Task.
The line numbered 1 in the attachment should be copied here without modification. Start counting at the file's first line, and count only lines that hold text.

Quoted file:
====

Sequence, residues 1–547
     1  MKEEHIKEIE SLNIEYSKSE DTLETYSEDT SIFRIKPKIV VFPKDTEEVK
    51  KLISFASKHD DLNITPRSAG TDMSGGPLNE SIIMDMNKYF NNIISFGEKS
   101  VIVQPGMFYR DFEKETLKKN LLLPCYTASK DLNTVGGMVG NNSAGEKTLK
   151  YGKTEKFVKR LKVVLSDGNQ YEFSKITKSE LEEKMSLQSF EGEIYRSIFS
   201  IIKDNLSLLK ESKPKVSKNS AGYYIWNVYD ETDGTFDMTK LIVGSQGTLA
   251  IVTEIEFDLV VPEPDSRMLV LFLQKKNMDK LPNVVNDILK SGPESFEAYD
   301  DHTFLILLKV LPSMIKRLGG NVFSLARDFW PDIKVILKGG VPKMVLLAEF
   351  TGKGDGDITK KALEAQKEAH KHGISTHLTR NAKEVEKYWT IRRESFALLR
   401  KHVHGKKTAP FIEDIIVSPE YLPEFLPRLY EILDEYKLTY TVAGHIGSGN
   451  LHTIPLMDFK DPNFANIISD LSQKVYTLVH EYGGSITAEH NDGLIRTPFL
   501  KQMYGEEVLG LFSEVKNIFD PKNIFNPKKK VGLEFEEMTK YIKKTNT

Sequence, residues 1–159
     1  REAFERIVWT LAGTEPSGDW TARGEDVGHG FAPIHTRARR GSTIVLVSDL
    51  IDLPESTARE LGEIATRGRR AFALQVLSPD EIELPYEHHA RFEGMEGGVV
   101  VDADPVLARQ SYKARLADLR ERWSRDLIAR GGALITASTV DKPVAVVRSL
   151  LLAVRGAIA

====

Sequence, residues 1–547